Clint Eastwood and Sylvester Stallone are surprisingly approachable.

Barbara Stanwyck is reported to have walked off a set recently, but her fans find her friendly and accommodating.Nobody has an unkind word about Robert Wagner or Jimmy Stewart.

Jerry Lewis is great with "his kids," but fans seeking autographs are more likely to get verbal abuse.

These are the findings of the readers of "Autograph Collectors' Magazine," founded by Joe Kraus of Stockton a couple of years ago when the newspaper he had been editing folded. He says the magazine has a circulation of 10,000 worldwide and believes there are at least that many more active collectors.

"All autograph collectors have complained about how bad celebrities treat them," said Kraus.

Last year, he invited readers to send in their votes for the 10-best and 10-worst stars from the autograph hound's point of view.

"Madonna and Sean Penn almost made it as a husband-and-wife team last year, but Madonna lost out to somebody else by a point or two. She may make this year's list, though," he said.

The voting isn't yet complete for this year's lists, which will be published in the next edition.

Kraus said a pattern has emerged: the biggest, oldest stars treat fans best, while the neophytes are worst.

"Clint Eastwood you'd think would be hard to approach. He's not. He's great. Sylvester Stallone - no problem. Molly Ringwald is the worst thing that ever came along for autograph collectors."

Paul Newman says he quit signing autographs when a hound followed him into a public restroom stall, said Kraus.

"He hasn't signed a single autograph in public since that we know of," Kraus said.

Kraus doesn't condone this level of persistence, and says he would not do anything illegal.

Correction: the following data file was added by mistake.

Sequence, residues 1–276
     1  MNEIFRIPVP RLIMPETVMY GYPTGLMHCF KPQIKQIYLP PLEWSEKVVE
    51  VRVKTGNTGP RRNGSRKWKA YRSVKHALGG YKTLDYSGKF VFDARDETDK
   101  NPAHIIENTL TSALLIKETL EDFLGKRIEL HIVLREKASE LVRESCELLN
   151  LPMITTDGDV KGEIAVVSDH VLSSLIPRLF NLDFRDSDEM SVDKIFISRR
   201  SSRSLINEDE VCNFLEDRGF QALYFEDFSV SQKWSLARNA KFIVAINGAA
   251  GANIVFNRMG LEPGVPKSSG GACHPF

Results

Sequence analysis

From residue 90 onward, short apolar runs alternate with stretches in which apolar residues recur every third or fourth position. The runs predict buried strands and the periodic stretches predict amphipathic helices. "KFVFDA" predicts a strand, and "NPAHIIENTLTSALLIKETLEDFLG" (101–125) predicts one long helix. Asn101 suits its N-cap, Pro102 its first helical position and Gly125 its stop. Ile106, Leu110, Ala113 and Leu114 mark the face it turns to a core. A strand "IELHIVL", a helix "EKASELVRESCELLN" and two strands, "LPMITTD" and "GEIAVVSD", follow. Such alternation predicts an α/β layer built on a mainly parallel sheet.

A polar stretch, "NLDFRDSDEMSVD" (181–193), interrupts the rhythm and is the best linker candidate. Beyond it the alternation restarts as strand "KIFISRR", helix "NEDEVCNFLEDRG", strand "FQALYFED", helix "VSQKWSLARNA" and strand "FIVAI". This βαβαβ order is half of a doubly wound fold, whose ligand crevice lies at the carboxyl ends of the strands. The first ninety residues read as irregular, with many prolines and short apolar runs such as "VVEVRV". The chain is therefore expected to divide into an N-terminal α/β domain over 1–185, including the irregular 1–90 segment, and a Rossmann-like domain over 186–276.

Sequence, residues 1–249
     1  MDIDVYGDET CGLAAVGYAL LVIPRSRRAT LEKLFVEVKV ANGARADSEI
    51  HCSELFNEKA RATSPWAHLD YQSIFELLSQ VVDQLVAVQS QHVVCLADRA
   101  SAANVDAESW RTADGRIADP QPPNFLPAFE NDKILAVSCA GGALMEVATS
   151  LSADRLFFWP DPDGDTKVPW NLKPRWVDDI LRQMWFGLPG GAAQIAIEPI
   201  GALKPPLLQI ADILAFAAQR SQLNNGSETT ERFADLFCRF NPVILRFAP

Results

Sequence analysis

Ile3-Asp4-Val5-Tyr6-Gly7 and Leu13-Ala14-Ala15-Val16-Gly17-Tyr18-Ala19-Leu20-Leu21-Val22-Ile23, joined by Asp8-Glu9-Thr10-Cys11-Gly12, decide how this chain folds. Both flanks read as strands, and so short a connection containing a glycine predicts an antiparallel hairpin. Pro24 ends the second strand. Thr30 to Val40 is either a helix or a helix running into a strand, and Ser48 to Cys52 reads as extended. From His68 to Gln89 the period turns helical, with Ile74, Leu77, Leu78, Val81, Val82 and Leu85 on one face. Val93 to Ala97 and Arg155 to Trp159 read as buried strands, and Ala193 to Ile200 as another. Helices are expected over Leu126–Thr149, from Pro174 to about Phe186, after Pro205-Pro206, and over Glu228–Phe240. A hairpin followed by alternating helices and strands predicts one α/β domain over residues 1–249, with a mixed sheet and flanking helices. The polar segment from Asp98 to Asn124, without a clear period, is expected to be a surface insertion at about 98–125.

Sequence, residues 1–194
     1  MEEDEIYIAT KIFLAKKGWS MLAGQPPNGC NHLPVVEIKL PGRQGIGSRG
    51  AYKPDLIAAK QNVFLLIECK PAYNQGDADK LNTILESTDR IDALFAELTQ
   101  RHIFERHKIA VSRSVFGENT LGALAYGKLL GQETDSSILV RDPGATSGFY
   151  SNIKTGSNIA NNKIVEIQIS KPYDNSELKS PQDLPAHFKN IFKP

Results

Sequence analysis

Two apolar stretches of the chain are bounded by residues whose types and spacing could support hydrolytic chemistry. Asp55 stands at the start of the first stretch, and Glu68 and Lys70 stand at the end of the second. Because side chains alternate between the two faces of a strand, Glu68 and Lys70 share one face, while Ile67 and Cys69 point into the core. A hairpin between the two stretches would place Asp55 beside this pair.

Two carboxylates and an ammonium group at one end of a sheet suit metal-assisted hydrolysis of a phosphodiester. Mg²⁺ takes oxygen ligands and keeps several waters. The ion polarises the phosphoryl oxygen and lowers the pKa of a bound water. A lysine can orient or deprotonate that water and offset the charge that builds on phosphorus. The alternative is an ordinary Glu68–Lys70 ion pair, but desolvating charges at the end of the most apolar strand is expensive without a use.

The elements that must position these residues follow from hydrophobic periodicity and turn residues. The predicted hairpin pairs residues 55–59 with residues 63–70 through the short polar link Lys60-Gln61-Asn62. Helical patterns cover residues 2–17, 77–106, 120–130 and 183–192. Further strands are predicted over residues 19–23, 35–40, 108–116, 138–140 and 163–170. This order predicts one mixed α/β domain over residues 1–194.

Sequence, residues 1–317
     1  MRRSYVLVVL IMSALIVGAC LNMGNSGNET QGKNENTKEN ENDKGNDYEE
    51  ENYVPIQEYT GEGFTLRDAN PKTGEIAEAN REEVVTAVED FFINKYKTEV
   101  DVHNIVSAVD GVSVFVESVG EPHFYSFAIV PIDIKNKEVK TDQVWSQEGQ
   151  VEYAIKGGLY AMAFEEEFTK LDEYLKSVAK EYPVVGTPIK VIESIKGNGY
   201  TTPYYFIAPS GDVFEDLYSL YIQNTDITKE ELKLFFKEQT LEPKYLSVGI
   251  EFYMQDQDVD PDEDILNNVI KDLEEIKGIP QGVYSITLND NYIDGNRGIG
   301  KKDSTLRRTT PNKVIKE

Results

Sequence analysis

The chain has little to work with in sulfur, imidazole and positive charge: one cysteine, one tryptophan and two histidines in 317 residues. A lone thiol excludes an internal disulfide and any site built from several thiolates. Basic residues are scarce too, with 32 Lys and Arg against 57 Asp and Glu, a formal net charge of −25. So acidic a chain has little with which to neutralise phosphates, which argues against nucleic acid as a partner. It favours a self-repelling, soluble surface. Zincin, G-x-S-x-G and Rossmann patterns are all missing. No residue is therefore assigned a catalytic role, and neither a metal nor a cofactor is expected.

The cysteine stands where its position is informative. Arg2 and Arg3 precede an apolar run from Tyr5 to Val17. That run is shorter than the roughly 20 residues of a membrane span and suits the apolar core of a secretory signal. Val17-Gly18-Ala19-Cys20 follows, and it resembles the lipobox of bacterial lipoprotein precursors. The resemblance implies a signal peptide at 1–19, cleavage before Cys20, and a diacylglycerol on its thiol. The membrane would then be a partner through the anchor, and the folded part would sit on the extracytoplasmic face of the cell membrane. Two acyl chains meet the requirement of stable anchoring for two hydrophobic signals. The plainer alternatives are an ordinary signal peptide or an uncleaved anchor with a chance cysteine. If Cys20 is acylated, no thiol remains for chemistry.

"All you're trying to do is get a signature," he said, with less intensity than many collectors apparently feel. But he says the reluctance of many stars to sign has "forced" autograph hunters to use subterfuge and even to resort to an occasional illegal entry.

"Autograph collectors would be great candidates for the Secret Service or `Mission Impossible,"' he added. "They really know how to get in where other people can't."

Celebrity golf tournaments are great places to collect autographs without having to sneak, said Kraus.

"Take the Bob Hope Desert Classic. There may be as many as 50 celebrities from all walks of life."

The same goes for the Dinah Shore and Bing Crosby tournaments, and the John Denver Ski Classic at Tahoe.

"Put these annual things on your calendar," he suggests to serious collectors.

The Academy Awards may be the biggest single gathering of heavenly bodies under one roof, but that's the problem - too big, says Kraus. "Some do real well there, but I steer away from it."

His favorite places to hunt are colleges and universities. "They always have guest speakers - less Hollywood, but authors and politicians." And the crowd around a speaker is usually smaller than that around a rock group after a concert, he noted.

Rock stars are mobbed at concerts, so autograph hounds are likely to try to figure out where they're staying, said Kraus.

"It's sort of a game because collectors know they're not using their real names, and they try to find out what names they're using. It might be the name of an album or one of their songs," Kraus said. .

"Then the collectors dress up with a three-piece suit and briefcase, and sit around the lobby like they're doing some work. Then when the person comes by, they go up and get the autograph. It's no problem at that point because there's not a crowd around."

For many collectors, the chase is a big part of the fun, said Kraus.

Although he's collected autographs since he was 12 (he admits to being in his late 40s now), Kraus has never had to climb a fence or hang out in a hotel lobby to get one. His work as a newspaperman before starting the magazine also gives him an entree with visiting dignitaries.

His chases are low-key and non-invasive, but satisfying.

"Celebrities as well as collectors will tell you this: East Coast collectors and East Coast stars are a problem. Back there, collectors seem to go out of their ways to do bad things to stars, and stars treat the fans terribly," he said.

Some celebrities won't deal with autograph hunters at all as a result.

On the West Coast, by contrast, said Kraus, "fans are courteous and say thank you, and West Coast celebrities tend to feel autograph hunters are not a problem."